Points.com says people are still buying on average 100 million frequent flyer miles a day.
- They’re buying miles now that they probably won’t redeem until the future
- Although there are some great redemption opportunities if you look out towards late fall and early winter
It’s a bet on the stability of the airline or hotel, and associated loyalty program. And it suggests a willingness to continue to part with cash, perhaps giving the program an interest free loan, even in an uncertain economic environment.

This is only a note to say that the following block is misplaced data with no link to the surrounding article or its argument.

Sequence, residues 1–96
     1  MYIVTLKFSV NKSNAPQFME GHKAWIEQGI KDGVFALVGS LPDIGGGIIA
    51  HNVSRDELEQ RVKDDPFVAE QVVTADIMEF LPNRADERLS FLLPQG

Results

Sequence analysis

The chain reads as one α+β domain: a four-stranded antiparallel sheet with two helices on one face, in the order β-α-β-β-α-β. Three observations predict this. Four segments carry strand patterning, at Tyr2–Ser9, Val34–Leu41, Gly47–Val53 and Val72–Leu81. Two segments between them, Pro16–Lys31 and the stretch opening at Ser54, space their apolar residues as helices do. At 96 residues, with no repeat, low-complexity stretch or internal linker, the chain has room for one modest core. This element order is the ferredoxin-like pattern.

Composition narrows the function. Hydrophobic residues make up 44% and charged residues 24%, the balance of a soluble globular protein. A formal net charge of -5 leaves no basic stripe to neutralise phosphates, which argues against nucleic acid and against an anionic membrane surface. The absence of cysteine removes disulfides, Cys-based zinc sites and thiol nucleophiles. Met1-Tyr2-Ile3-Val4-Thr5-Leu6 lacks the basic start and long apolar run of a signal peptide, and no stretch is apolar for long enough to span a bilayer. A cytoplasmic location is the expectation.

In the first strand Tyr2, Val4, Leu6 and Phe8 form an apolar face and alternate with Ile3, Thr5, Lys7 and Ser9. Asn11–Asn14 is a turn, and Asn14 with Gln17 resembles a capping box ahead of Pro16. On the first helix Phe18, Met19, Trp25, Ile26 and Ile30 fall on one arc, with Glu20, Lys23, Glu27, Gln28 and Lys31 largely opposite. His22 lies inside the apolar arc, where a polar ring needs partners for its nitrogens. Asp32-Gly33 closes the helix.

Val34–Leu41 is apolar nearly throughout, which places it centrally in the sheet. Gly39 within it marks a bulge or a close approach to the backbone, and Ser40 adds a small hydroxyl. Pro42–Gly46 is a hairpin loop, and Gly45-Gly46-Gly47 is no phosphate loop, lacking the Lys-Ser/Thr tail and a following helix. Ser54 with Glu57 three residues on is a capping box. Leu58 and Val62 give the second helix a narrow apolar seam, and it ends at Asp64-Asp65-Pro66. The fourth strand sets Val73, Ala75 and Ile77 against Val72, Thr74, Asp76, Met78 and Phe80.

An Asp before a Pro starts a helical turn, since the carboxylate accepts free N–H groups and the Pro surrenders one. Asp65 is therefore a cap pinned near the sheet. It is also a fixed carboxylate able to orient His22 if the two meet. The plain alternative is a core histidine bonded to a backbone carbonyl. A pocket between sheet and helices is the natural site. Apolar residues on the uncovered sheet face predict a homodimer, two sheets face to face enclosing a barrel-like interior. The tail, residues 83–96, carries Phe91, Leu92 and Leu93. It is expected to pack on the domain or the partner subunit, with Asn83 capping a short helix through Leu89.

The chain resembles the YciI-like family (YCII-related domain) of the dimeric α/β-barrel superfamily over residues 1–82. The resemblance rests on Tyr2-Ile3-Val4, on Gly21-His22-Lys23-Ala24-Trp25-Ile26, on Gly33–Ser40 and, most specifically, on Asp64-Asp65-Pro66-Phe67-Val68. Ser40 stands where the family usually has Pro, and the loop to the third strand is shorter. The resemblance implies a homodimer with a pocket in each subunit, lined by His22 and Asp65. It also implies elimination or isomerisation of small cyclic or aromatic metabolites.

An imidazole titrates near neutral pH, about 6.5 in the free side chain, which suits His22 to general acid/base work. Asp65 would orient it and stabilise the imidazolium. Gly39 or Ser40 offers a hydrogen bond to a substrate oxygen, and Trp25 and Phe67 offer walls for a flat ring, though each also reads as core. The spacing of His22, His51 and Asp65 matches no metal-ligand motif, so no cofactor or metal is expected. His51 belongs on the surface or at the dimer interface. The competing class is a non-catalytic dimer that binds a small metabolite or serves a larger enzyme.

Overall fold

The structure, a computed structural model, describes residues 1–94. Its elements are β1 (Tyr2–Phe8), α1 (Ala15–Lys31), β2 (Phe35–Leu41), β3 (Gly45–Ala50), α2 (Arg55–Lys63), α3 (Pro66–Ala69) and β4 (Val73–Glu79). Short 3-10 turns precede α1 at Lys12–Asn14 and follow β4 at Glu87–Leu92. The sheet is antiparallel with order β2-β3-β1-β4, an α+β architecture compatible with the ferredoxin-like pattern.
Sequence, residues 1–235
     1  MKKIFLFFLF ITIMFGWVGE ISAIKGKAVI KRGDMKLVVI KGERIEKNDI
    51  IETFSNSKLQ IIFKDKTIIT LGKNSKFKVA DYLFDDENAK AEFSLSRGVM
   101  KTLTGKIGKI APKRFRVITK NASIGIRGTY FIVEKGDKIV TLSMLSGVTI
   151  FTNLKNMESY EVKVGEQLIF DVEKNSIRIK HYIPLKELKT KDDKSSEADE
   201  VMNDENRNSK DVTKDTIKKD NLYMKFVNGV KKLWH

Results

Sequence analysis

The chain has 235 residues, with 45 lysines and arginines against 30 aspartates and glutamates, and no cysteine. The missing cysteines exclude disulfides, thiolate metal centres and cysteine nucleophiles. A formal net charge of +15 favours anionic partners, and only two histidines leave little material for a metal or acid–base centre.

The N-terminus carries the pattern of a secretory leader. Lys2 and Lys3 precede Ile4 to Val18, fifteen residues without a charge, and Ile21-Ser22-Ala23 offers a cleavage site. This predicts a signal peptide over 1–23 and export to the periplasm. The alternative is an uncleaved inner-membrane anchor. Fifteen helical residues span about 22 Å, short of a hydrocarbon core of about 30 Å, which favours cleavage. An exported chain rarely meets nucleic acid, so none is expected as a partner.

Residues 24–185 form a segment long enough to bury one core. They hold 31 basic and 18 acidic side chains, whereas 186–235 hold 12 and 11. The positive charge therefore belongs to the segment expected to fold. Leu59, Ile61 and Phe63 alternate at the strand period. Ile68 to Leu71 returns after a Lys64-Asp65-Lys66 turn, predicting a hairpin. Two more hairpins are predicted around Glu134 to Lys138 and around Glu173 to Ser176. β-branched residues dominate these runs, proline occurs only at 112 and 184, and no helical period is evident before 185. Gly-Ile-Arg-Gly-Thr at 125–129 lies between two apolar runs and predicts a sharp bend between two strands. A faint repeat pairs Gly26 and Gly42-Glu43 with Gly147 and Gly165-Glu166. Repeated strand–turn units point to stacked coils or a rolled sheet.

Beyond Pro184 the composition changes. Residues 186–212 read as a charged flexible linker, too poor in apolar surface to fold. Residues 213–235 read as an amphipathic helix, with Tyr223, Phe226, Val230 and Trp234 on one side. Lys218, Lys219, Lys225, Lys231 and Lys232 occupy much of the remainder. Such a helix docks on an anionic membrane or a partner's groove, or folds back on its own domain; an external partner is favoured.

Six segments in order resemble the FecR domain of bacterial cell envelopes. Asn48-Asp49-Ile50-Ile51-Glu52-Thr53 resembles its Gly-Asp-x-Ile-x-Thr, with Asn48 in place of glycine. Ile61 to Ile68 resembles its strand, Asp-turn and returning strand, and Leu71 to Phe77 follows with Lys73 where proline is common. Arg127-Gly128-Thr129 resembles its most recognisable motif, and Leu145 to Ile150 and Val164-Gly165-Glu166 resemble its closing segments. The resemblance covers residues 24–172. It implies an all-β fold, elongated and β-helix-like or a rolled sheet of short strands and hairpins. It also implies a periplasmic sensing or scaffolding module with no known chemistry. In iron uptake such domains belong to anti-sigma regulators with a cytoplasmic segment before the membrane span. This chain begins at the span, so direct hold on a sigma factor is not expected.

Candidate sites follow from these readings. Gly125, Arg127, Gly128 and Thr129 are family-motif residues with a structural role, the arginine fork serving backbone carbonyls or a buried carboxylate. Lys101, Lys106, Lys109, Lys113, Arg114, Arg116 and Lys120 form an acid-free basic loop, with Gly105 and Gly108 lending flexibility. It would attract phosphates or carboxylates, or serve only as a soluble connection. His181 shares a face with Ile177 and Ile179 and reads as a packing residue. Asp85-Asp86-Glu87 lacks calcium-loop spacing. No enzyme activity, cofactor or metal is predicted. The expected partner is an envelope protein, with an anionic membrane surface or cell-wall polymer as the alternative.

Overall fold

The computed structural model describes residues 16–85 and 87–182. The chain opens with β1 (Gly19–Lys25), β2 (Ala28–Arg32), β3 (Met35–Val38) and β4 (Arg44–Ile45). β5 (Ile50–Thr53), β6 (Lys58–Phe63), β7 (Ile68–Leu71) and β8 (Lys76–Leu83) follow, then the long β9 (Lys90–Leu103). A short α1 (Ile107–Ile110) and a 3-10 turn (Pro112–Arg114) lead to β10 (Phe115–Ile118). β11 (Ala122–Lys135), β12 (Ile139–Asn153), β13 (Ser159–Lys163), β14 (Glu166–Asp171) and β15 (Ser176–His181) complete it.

Points.com works with 55 loyalty programs. And at an average of, say, 1.5 cents per point (hotel points generally go for less than airline miles) that’s just $1.5 million per day across all of those programs.
What they haven’t told us is how the 100 million points total compares to what people were buying before. To an order of magnitude approximation (based on an assumption about Points’ cut of sales) that’s probably half the volume we were seeing before.
Some airlines are probably selling miles well on their own. American Airlines doesn’t go through Points for its mileage sales, but AAdvantage ran its lowest-priced sale on miles ever, though they didn’t set the price low enough to make me a buy. (US Airways – which did use Points.com – used to sell miles for even less.) They’ll have made up a good portion of the mileage sales in the market, while Points partners Icelandair and Air Baltic probably didn’t do as well.